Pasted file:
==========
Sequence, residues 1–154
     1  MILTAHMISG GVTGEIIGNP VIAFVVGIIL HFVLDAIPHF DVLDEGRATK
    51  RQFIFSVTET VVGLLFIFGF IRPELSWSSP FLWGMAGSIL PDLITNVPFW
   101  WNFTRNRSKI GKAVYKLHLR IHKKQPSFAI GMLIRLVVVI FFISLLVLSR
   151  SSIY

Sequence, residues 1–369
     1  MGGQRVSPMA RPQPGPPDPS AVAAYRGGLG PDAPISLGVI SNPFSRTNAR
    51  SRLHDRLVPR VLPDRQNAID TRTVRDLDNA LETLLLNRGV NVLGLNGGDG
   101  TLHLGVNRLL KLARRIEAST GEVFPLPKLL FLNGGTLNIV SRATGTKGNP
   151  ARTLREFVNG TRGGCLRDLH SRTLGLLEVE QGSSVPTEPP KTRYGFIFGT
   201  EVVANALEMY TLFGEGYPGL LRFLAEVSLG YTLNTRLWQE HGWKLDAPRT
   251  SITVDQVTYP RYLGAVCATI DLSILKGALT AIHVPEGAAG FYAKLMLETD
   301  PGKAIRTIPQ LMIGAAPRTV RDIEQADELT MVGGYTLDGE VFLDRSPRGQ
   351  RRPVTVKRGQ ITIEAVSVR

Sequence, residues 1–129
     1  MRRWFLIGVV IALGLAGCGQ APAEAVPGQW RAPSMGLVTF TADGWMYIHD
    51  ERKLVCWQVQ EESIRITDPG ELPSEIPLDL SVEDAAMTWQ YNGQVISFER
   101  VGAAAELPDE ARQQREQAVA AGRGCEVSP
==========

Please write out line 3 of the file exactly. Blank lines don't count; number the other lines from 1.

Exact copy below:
    51  RQFIFSVTET VVGLLFIFGF IRPELSWSSP FLWGMAGSIL PDLITNVPFW